able to successfully use the temporal diagrams as feedback to their
Comparing all types of errors made by TForms subjects, we see that
the top three types of errors made by TForms subjects were
neighbor, syntaxError, and partCorrect. The
range and quantity of errors without visual feedback during query
specification supports the use of visual feedback (e.g., a temporal
diagram) as an aid to query specification accuracy.
4.3 User satisfaction evaluation
QUIS version 5.0 [Chi88] organizes user
satisfaction ratings into five categories: overall reaction,
learning, screen, terminology, and system capabilities. Since our
post-questionnaires are essentially a slightly shortened version of
QUIS, we thus use these categories to compare and contrast user
satisfaction ratings for TVQL and TForms.
Table 6 summarizes the average ratings of the TVQL and TForms
interfaces based on a five-point scale. Again, no significant
differences between DB and VA subjects were found within each
interface and subject ratings were thus grouped by interface. A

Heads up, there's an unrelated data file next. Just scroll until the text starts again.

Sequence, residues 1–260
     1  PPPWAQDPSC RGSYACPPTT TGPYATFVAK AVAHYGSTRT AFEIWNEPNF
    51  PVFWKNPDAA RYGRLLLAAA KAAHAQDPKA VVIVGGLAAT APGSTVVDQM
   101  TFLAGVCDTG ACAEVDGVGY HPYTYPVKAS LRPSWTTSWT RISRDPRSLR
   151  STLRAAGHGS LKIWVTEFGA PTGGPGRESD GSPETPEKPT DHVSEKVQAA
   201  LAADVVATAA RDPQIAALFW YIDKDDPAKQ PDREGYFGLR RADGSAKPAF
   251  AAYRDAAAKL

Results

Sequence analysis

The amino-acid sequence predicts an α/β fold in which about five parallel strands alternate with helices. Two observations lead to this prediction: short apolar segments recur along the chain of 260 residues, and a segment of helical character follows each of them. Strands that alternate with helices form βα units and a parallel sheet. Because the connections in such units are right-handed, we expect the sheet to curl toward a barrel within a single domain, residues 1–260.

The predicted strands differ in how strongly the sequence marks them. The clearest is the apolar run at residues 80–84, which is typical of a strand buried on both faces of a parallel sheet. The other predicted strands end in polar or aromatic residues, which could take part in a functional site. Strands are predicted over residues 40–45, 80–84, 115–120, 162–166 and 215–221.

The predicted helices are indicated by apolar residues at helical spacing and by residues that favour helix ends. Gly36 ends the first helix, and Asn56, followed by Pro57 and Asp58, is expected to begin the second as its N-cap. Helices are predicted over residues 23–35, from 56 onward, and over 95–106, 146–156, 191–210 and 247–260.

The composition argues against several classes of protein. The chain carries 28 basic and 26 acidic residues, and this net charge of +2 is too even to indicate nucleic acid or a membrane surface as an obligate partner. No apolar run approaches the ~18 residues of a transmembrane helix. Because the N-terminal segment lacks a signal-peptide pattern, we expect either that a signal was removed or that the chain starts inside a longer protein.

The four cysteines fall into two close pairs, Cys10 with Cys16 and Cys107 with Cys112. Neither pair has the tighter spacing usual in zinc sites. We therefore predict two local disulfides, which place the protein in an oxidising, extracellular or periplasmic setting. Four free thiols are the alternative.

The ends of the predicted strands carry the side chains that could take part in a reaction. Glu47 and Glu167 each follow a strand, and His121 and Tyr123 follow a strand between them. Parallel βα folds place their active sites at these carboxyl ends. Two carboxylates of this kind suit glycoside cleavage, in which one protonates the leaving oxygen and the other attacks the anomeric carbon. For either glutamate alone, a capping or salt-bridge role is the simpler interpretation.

post-hoc Scheffe analysis indicated no significant differences for
user satisfaction ratings between TVQL and TForms subjects. The
largest difference between the interfaces is in the category of
learning and is in favor of TForms. This again indicates the need to
decrease the learning curve for TVQL.
Table 6. Average user satisfaction ratings per QUIS
category and for QUIS total, based on a five point scale.
QUIS Total Average
5. Proposed Changes to TVQL
TVQL subjects had three salient comments and reactions to the
interface which they expressed in both the post-questionnaires and
during the informal post interviews:
- they liked and understood the temporal diagrams,